Tag Archives: Museum

There´s a Museum of the Basque Beret (Txapela), and It´s Fun!!

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101_6283Last Saturday I went to visit the Museo de la Boina La Encartada - Museum of the Beret (or “txapela”, in Basque), in Balmaseda, Bizkaia. It´s on the former factory that has been making berets for exactly 100 years (1892-1992). The museum - a classic , beautiful XIX century Industrial Revolution building- , surrounded by well kept gardens and a river, has been recently opened  and offers a very comprehensive and thorough visit (available in English on demand).

They show the whole process, as some of the machinery is still in good working condition. All the machinery has been restored and, as the power they use to make them work comes from just WATER (thrusted from a turbine moved by the force of the water of the river), it´s constantly in motion. A very good guide shows you how  wool is converted through a series of processes into a classic Basque beret, there´s a very instructive video (well, there are two, one is for kids and the other is for adults) and you also visit the home of the owners, kept as it was in early XX century. Entrance fee is very small and they offer berets for sale, at very reasonable prices. Nearby, the beautiful village of Balmaseda, full of beautiful churches, convents and a marvellous mediaeval bridge. A different kind of visit.101_6293

The web page is www.laencartadamuseoa.com, it´s just 30 kms from Bilbao and it´s off the beaten path, but worth the visit.  Not far from Ferrería (ironmongery) El Pobal and the Rolls Royce Museum.

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And this is me with the txapela I bought that day…

Basque Ferrerías, Ironworks of the Middle Ages

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el pobalOne of the main characteristics of the Basque soil is (well, it was) its rich content in high quality iron. Up to the XVI century, there were around 300 foundries! producing iron for all of Europe. Nowadays, iron still plays an important role in our present industrial activity (unfortunately, not as before…). At the very beginning, the foundries were located on top of the mountains and they used the wind as the main force to produce iron, using coal as their source of heat (in a very anti-economical way). Soon they found out that it made more sense to have the ironworks close to a water stream, and so “modern” foundries were established in many Basque towns.mirandaola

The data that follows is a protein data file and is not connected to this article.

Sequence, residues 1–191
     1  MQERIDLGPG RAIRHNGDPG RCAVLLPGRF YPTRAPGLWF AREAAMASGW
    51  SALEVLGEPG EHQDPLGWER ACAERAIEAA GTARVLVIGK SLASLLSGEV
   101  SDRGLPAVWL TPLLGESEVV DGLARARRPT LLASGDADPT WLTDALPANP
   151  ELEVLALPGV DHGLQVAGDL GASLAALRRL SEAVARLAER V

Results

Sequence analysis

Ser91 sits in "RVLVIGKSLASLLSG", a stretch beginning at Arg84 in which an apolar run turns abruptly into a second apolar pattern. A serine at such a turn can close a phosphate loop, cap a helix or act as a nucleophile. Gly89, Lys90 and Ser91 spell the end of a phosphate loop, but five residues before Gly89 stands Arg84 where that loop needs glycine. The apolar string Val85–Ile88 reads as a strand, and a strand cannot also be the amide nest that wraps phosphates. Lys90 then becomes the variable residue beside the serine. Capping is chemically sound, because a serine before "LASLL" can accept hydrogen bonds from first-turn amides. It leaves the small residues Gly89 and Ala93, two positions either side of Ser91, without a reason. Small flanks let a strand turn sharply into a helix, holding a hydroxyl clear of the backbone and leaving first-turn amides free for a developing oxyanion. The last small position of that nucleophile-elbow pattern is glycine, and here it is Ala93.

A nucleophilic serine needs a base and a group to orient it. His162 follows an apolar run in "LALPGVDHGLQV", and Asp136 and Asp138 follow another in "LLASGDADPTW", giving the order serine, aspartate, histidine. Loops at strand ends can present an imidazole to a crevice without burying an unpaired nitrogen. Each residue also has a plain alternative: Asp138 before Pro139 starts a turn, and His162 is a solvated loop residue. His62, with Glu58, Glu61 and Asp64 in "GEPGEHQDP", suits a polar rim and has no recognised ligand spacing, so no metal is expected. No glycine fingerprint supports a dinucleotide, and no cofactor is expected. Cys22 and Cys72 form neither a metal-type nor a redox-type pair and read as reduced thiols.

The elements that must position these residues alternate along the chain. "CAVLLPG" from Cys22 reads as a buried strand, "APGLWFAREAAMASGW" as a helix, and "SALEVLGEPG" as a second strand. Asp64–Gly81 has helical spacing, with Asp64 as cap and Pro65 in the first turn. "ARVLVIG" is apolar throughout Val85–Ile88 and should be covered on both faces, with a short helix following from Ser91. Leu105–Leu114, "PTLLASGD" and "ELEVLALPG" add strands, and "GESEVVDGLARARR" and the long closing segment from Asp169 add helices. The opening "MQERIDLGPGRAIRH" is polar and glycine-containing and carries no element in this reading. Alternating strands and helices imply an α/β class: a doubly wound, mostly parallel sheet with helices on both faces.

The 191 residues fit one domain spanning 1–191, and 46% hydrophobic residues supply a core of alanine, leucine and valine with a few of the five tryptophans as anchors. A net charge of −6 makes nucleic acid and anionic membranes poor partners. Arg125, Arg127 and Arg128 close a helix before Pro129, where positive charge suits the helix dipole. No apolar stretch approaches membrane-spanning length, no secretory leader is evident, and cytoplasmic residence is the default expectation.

I´ve been to two of these foundries, both recently restored and open to the public . You can visit them (visits are also available in English) in order to watch “live” how iron was formerly obtained. The historical reconstruction is very well performed and what you see is probably very close to what it really was, they take great pride in transforming iron “the old way”. One of them is near Bilbao, in Muskiz (Bizkaia), Ferrería El Pobal, www.elpobal.com (this link will redirect you to another page available in English)- press here for a 4´youtube video of a visitor-. You can also see how they got flour from wheat with a water mill. Entrance tickets are cheap and very interesting, kids find it really amusing.

mirandaola2The other one is located in Legazpi, Gipuzkoa, where there formerly were 7 foundries. This one is Ferrería Mirandaolaon this link (not the best of webs, but at least it´s in English), located in the middle of a beautiful park where you can enjoy the incredible and beautiful landscape surrounding it. There are restaurants nearby where you can have a good meal after the visit, and even get all the way to Azpeitia, to the Museo del Ferrocarril (http://www.nekatur.net/museo-vasco-del-ferrocarril-de-azpeitia), where you can take a ride for half an hour on a real XIX century train powered by coal, apart from an interesting collection of old engines, trams,  buses, fire trucks, the workshop, etc…